Managing a woodland

The health and wellbeing of woodlands relies on effective management in order for the woodlands themselves to thrive and to provide the wide range of social, economic and environmental functions it is evident we expect of them as a society.  We expect woodlands to be stable components of local landscapes, home for woodland flora and fauna, places for recreation, sources of timber, filtering the air we breathe, capturing atmospheric carbon and giving us places of beauty and inspiration.

With great public and political focus on the desirability of planting, it can be easy to forget that planting is just the beginning of the story of a woodland, with a whole series of tasks being required if woods are to achieve and maintain some sort of maturity.  For example, thinning is an essential element of ensuring the woodland can attain what we might recognise as a woodland.

Management is equally important in “secondary woodlands” (i.e., woodlands that have sprung up due to land abandonment and neglect, this is a widespread woodland type in the UK today).   Such woodlands are often even aged and without intervention they can struggle to achieve a healthy mixed age structure.  However, judicious and informed management; including selective thinning, control of grey squirrels and deer numbers, can accelerate the rate at which a stable structure is achieved.  Indeed, without such management many woodlands would simply fail.

Even in mature woodlands, the fact that trees have a limited life span means that management is often critical maintaining the vigour of such woodlands, so that they can provide an environment for the broadest range of native woodland flora and fauna and a safe and welcoming environment for people who visit, use and work in woodlands.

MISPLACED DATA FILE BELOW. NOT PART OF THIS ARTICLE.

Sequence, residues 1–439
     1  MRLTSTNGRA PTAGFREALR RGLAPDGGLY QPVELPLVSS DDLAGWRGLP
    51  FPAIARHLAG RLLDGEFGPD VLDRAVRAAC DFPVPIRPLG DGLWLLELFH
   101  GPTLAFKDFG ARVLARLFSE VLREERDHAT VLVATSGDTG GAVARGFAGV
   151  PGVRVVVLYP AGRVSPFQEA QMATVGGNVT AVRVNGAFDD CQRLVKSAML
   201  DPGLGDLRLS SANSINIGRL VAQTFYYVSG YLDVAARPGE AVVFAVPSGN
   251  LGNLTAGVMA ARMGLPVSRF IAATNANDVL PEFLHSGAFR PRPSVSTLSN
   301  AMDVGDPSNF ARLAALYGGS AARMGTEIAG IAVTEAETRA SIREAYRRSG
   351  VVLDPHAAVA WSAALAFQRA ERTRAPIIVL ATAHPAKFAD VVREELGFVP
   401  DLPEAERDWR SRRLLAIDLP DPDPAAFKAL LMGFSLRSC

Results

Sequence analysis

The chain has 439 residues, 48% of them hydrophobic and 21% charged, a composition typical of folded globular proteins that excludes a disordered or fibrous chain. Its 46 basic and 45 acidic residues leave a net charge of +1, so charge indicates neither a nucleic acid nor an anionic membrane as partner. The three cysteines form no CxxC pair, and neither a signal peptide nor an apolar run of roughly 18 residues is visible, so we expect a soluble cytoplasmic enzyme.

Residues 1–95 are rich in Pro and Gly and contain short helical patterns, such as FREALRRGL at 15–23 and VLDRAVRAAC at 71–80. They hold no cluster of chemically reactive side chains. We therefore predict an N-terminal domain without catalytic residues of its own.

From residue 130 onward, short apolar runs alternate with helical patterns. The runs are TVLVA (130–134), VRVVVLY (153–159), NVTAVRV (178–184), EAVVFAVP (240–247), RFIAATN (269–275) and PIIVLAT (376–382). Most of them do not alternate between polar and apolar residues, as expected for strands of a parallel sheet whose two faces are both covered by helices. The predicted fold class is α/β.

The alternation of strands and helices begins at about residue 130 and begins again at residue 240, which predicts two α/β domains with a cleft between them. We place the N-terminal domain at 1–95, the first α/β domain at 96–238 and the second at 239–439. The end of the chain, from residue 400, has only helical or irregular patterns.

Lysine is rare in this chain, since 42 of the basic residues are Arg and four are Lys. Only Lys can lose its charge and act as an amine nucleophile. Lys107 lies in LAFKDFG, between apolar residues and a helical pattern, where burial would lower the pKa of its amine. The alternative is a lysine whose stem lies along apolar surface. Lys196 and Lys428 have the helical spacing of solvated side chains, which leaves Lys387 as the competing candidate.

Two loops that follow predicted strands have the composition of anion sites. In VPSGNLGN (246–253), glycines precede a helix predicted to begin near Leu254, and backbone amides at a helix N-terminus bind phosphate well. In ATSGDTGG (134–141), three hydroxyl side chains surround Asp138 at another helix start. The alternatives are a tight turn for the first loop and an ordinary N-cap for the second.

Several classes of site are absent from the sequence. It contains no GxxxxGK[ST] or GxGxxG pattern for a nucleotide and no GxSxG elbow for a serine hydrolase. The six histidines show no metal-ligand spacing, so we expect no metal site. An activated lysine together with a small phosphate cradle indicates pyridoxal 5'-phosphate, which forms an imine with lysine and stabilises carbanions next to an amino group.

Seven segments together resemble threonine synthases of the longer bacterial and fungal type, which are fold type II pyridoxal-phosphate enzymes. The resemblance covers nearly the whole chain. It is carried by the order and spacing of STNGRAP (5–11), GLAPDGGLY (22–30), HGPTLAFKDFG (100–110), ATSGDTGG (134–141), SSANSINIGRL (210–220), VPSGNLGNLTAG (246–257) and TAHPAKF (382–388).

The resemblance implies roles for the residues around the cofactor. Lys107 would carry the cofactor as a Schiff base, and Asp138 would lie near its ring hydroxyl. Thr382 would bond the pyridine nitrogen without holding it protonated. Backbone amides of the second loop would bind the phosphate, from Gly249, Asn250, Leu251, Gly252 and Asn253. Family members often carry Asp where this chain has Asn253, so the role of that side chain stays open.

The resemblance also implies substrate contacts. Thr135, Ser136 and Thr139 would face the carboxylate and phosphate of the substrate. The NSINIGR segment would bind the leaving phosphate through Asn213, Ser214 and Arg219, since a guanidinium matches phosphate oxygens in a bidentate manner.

Woodland management cannot however simply depend on public funds to be achieved, and it is the role of the woodland manager to determine the purpose, or objective of management.  Woodlands that have a reason to be managed, perhaps for timber, firewood, access or green woodworking, are more likely to be receive the management they need to thrive long into the future, and indeed those woodlands that we have today have survived precisely because they have had a value to the local community- ‘the wood that is valued is the wood that stays’.

The Small Woods Association exists to support those who want to see woodlands sustained for the next generations.  We are providing support to owners through information, advice and guidance that focus on the benefits of management.  For more information contact office@smallwoods.org.uk

Coppicing

Trees grow slowly, and in the fast modern world don’t produce the quick results many people have come to expect. Coppicing, however, sees a remarkably quick return on investment, and is as traditional as could be. The principle of coppicing is that you harvest shoots from the stump, or stool, of a cut-down tree. By cutting all the shoots from a stool together you produce roundwood for different purposes: long thin  sticks for beanpoles and straight ones hurdles, thicker stakes for hedgelaying.  Logs for firewood and green woodworking may be sourced from standard trees or from restoring neglected coppice .

Hazel and chestnut are prized for coppicing because their timber is durable but isn’t highly valued in larger dimensions. Oak, ash and beech, which all produce high-value logs once grown to maturity, can be coppiced, but tend not to be managed in the same quantities as hazel and chestnut.

One of the added benefits of coppicing within a woodland is that it promotes biodiversity. There will always be areas (or coupes) of coppice at different stages to provide habitat for a range of wildlife. Dormice thrive amidst coppice, and the extra light reaching the forest floor encourages bluebells and other plants. As a consequence coppiced woodland attracts butterflies, and obviously the whole ecosystem blossoms as a result.

The market for coppice products is still small, but a growing number of people are recognising the value of this traditional form of woodland management. There is plenty of derelict coppice that needs rejuvenating.